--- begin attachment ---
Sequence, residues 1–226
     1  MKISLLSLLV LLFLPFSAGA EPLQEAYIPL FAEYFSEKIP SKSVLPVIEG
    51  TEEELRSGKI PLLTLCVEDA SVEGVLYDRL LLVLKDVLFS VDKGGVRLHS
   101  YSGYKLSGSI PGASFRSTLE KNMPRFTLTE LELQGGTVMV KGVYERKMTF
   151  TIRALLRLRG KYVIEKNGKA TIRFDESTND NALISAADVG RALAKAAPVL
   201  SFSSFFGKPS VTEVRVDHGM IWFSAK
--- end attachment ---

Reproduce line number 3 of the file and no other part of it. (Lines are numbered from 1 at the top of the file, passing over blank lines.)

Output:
    51  TEEELRSGKI PLLTLCVEDA SVEGVLYDRL LLVLKDVLFS VDKGGVRLHS